Bruce Kovner is somewhat of a legend in the hedge fund world. Worth an estimated $5.3 billion according to Forbes, Kovner built his wealth managing money for clients at his macro firm Caxton Associates, which closed its doors in 2011. Kovner started at the Commodities Corporation in the 1970s and went on to start Caxton in 1983, a commodities-focused fund itself.
Kovner believes his edge over other investors is the ability to spot trends and connections between industries and markets before others. He is also (it seems) a value investor at heart, according to pioneering mathematical financier Edward O. Thorp, founder of Princeton Newport partners.
In a newspaper column published in 2004, titled “A Mathematician on Wall Street” Throp details a trade he put on with Kovner and some other partners on distressed shipping.
The greatest distressed shipping trade ever?
In the mid-80s, oil tankers were in such oversupply that old vessels were selling for little more than scrap value (a similar situation to today’s dry bulk vessel market) presenting an attractive opportunity for the astute investor.
Kovner and Throp made use of this opportunity by forming a partnership to buy a tanker selling at a distressed price. This was an interesting trade and has many similarities with value investing. As the tanker was brought near scrap value, the downside of the trade was limited. However, tanker prices and rates have historically fluctuated widely, presenting the perfect opportunity for the long-term investor that was prepared to sit back and wait for the next cycle.
The ship acquired by the partnership was the 475,000 Empress Des Mers, which was at the time the largest ship in the world. After a refit, the refurbished ship was generating income for the partnership and with one ship running smoothly, Kovner, Throp and partners decided to purchase the world’s newest largest tanker the 500,000 ton Seawise Giant.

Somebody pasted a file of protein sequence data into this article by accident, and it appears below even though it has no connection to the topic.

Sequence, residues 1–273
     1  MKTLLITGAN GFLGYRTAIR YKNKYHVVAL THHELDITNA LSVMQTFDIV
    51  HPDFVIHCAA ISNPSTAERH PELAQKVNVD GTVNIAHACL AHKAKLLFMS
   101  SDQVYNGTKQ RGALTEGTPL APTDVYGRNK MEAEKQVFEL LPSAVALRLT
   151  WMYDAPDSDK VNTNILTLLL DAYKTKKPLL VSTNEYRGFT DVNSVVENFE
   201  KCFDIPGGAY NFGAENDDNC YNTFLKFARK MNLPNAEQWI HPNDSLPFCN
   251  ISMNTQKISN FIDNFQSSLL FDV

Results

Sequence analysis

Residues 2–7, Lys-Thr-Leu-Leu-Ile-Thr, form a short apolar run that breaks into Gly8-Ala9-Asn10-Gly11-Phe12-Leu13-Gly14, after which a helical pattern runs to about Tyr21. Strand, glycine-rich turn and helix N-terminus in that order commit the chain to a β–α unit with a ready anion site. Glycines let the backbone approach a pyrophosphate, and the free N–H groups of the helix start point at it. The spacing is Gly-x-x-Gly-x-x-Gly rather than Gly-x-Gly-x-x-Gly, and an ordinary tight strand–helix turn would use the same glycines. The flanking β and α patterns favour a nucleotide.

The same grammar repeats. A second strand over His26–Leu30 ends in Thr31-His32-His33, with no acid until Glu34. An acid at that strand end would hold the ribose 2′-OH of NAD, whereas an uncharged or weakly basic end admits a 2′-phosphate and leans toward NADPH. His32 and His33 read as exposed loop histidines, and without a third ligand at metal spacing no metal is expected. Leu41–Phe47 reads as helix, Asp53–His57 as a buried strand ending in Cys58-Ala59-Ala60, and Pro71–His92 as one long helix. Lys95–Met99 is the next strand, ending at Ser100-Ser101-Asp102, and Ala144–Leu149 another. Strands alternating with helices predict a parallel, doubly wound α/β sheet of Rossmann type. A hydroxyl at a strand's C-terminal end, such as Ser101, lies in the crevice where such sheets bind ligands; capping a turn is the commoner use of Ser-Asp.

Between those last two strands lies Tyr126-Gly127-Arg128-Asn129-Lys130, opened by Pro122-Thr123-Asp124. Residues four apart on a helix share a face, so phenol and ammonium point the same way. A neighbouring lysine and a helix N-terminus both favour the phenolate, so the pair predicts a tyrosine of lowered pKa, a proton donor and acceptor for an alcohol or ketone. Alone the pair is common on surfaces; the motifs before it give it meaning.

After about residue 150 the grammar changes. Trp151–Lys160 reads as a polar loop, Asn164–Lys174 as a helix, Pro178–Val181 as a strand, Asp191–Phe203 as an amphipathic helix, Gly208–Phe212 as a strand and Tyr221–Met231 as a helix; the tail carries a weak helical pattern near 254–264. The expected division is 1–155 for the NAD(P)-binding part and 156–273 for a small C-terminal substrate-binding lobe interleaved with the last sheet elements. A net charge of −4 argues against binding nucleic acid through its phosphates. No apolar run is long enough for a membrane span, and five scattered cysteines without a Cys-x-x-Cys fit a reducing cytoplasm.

Unfortunately, this trade didn’t go to plan as while the partners were in escrow, the ship was bombed by Iraqi warplanes in the Persian Gulf. (1988 bombed by Iraqi aircraft at Hormuz Terminal (3 dead). Sold as a hulk The tanker sank off the coast of Larak Island, Iran. Seawise Giant was declared a total loss and became the biggest shipwreck in the world.)
Still, this minor setback didn’t stop the Empress, and she continued to generate returns for the partners right up until her scrapping in 2004. The partners were forced to scrap the ship due to severe changes in the tanker market and international regulations. Over 18 years of ownership, the Empress generated around $100 million in trading profits for the partners according to Throp’s column, a return on investment of approximately 30% per annum. The ship produced a handsome return on its sale according to speculation. While the exact figures aren’t available, when the Empress was sold it fetched almost $23 million, which according to the shipping industry publication TradeWinds, was twice the initial purchase cost.
All in all, this distressed shipping trade proved to be a very lucrative investment for its partners.